There are grasshoppers everywhere in the Dallas-Fort Worth area of Texas. You see them during the day as they jump away from as you go about your business. And you hear them at night as they sing you to sleep. They thrive in the open plains and short grass.
How can we capitalize on the fact that grasshoppers love it here?
The consensus is that harvesting insects from the wild is risky because we don’t know where they have been (As in the neighbor’s yard where they just sprayed fertilizer and pesticides). What if I go out into a state park and catch some tasty treats there? What if we farm grasshoppers in the ‘middle of nowhere’ Texas?
- Buy, rent or borrow a large plot of prairie land away from other cultivated land.
- Select a grasshopper species that is already successful in that area. Differential Grasshopper?
- Foster shrubs and grasses that accommodate that species of grasshopper. Mow the perimeter to prevent inward or outward migration.
- Add the grasshopper to the field. You probably need to farm eggs/nymphs in a controlled setting like they do for crickets. I understand this can be difficult but it may be easier if the grasshoppers only live part of their life cycle in a man-made environment.
- Sit back and relax as the grasshoppers mature.
- Harvest by attaching nets to traditional farming tractors and sweep the plot in an inward spiral. They do this by hand in Asia.
- Freeze for storage.
Just go to a middle of nowhere field and harvest. Depending on the time of year there may be plenty to catch. Then send a sample out to a lab for analytical testing including heavy metals, pathogens and pesticide residue. The contamination issue is solved assuming the results come back negative for any bad stuff. Make huge profits with little work by selling the catch to restaurants or processors.
Plan C and more: This Mother Earth News article has great insight on grasshopper harvesting.
- Farm insects in their natural habitat and climate.
- Instead of controlling the entire farming operation, let grasshoppers be grasshoppers and ensure safety and wholesomeness of the product with post-harvest testing. Companies such as Certified Laboratories specialized in doing such safety analyses.
- What insect thrive in your area?
Great ideas! What do you think about the “urban farming” opportunity/challenges? Could insect husbandry be one way to reclaim abandoned warehouse/factory spaces? I think this is the approach that Big Cricket Farms is undertaking in Youngstown, but I’m curious what you think about the large scale possibilities here of turning industrial sites into food-producing sites. Is it harder to set up shop in a warehouse space than an open prairie?
Thanks for the comment!
Urban Farming is great. Urban farming should work well on a city/regional level. One issues with cricket farming in general is that it is labor intensive. Large scale farming with machine automated processes is one of the next steps for the entomophagy industry. Dollar for dollar crickets are more expensive than other animal protein but automated processes and larger volumes will help lower prices. Significant capital is needed to really scale up cricket production. Warehouse farming works well for domestic crickets but does not work well for a lot of other edible insects. Cricket and meal worm farms are well established but they generally do not sell for human consumption and the scale is small compared to modern food production. Open prairie farming might be a workable alternative for grasshoppers. I understand they do not fair well using the cricket model.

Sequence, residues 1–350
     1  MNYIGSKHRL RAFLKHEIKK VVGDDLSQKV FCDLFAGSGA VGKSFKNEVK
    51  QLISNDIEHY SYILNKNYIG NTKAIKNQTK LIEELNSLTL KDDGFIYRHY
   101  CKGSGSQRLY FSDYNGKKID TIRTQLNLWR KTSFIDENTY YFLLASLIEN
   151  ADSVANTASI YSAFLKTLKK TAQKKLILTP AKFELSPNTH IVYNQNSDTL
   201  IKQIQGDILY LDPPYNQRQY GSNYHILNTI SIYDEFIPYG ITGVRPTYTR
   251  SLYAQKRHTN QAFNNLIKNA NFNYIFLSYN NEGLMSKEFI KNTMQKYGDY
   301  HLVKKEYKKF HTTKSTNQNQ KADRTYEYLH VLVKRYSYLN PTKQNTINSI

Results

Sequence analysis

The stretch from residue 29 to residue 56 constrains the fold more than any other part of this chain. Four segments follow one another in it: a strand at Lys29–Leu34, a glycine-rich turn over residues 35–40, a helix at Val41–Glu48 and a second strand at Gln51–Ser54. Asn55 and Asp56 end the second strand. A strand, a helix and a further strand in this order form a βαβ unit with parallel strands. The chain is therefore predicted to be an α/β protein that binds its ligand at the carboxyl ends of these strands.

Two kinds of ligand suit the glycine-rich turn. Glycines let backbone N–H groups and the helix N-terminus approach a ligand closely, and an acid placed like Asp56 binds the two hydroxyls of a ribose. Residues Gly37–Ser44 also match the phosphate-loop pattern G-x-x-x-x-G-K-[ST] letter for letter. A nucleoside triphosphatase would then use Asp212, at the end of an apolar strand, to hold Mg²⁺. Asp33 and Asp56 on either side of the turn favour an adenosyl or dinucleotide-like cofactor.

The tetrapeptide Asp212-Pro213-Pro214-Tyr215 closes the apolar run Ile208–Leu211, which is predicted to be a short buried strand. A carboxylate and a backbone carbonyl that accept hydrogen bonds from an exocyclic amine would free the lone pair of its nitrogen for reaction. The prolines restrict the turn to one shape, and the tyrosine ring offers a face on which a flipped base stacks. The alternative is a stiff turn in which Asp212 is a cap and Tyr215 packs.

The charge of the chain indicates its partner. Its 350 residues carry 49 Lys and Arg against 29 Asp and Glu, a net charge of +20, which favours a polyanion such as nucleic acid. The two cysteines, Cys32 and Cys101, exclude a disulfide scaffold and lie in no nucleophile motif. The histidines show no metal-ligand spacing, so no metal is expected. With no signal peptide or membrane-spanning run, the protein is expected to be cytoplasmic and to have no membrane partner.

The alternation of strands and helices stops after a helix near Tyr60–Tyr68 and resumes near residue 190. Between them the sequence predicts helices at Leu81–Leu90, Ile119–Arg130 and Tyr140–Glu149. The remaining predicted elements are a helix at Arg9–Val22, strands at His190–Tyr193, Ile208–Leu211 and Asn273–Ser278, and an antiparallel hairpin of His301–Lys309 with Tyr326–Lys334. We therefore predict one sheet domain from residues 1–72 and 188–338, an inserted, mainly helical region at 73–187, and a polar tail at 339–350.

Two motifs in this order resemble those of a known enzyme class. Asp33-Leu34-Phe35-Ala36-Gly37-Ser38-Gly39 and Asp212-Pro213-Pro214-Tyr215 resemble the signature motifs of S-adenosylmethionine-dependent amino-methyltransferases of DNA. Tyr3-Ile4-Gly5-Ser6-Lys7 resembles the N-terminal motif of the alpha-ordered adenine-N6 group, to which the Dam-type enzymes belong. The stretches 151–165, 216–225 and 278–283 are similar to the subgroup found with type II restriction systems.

Awesome response. I think the sustainability angle of insect husbandry is going to be a big deal, especially as a possible solution for urban blight. Imagine all that abandoned industrial space in Detroit rehabed for food production. Or am I delusional?
No need to answer that, but…
do you think that investment in scaling up cricket production would come from investments in an industry geared toward human consumption? Seems like that sort of capital would first go to operations geared toward producing insects for feed, either for aquaculture or for some other more traditional animal husbandry. Once the operation gets built up for producing bugs largescale for traditional livestock, it could then be transitioned over for human consumption. But is there that much of a difference producing bugs for feed vs for food? Or would that be solely dictated by regulations that are still forthcoming?
Both food and feed are going to be important. I envision that insect producers will have both a food division and a feed division. The regulations are different and the quality standards for food are going to be higher. As their are no regulations directly addressing insect, the approach is to follow the same regulations for farming and then food or feed processing. The process will probably be pretty similar but how its marketed and sold will be different. Aquaculture is a great opportunity for insects as feed.